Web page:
Although I would tend to think that it is not realistic to accommodate all of the calendaring systems of humanity in a single API that is both not inadequately lowest common denominator (or alternatively overly complicated to cover cases where most users of the API don’t even understand why the complexity exists) and missing gaps due to the designers lack of knowledge of all of the variations, I hope to at least help the discussion by informing about the alternative calendar system that I know something about, the Hebrew calendar. And it is of modern relevance because national holidays in Israel are dictated by it.

 

The Hebrew calendar breaks at least three assumptions that would be typically made about a calendaring system.

 

One is that there is a consistent number of months in every year. In the Hebrew calendar most years are twelve months, some are 13. So just like in an ISO calendar you would never think to ask the days in the month of February without knowing which year the request is made about, you would never ask in a Hebrew calendar for the months of the year without passing the year as a parameter to the request.

 

The second is that the first month of the year has a value of 1. In the Hebrew calendar the cardinal and ordinal list of months is different (the first month of the year is the 7th month).

 

The third assumption is that a given month in one year is fully valid in another year. Although you have that concept with February 29th in the ISO calendar on days, this is true of both days and months in the Hebrew calendar. This goes both ways, in that Adar (the month which is doubled in a leap year) is the 12th month ordinally (5th cardinally) becomes the 13th month of a leap year and the 12th and 13th month are both represented in the 12th month of a non-leap year. (And from a presentation perspective “Adar” standing alone is only valid in a non-leap year. In a leap year it is Adar I and Adar II).

 

So given all of this, I would question the usefulness of accommodating “every” calendar for date pickers and other such use cases. Of course, I do think that just sticking with ISO is too limiting.

 

From: Roger Riggs [mailto:Roger.Riggs@Oracle.com]
Sent: Saturday, February 18, 2012 10:04 AM
To: threeten-develop@lists.sourceforge.net
Subject: Re: [threeten-develop] Non-Gregorian and Gregorian Calendar APIs

 

On 2/17/12 8:26 PM, Richard Warburton wrote:

This seems like a fairly fundamental change in terms of API design.  A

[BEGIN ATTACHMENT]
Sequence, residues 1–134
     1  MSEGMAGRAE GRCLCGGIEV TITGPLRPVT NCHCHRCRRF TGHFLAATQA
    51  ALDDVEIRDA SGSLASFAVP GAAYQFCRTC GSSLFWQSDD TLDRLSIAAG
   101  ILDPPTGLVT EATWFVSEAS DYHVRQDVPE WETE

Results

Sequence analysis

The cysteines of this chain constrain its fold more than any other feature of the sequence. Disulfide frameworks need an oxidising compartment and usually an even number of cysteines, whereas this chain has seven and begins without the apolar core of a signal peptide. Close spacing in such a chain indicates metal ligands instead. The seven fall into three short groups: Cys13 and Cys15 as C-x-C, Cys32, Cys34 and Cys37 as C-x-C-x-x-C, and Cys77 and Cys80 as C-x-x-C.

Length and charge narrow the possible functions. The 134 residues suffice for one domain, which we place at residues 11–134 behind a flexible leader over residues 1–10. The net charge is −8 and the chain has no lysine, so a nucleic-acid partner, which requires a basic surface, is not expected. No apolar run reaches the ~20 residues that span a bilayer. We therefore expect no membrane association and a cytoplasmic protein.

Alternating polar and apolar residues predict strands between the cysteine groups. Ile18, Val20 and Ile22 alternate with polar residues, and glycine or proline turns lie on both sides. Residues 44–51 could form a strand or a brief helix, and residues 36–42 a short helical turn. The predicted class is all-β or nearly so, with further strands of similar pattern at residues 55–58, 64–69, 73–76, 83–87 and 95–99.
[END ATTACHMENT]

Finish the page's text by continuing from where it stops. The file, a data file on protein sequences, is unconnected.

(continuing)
few comments/questions:
In case it wasn't obvious, LocalDate remains as is. This only affects
you if you need to work with other calendar systems.
I was somewhat confused over this point.  In Roger's original email he
seems to request support for writing code that will work with both
LocalDate and other calendar systems.  So surely a move to pluggable
chronologies doesn't address the exact same set of requirements?

yes, it is necessary to be able to write calendar neutral code. The use case
of writing a date picker and being able to switch between calenders is essential
and it muse be able to switch from Gregorian to non-Gregorian without
using different code and without hardcoded per-calendar types. The use case
is not just a date-picker, but any application that will work in multiple locales
and has to interface between dates in databases and their data model
and a user in their current locale.  Or if being used in a server,
formatting and output for a client's locale.

This is not just an edge case that only a few developers will encounter.
If this isn't simple enough, developers will be happy continue with Java.util.Date
and java.util.Calendar and their current hacks since they are familiar.

Using Calendrical is a tool for converting to different date-time types,
but the naming and design take a bit to understand.

I'm also concerned that between the ISO, non-Gregorian, and
the low level API there are now three different APIs for dates and times.

The design that uses ChronologyDate takes a very indirect approach to
the calendars.  That approach needs some cleanup before it can
be judged properly. Its hard to know where to start with that API.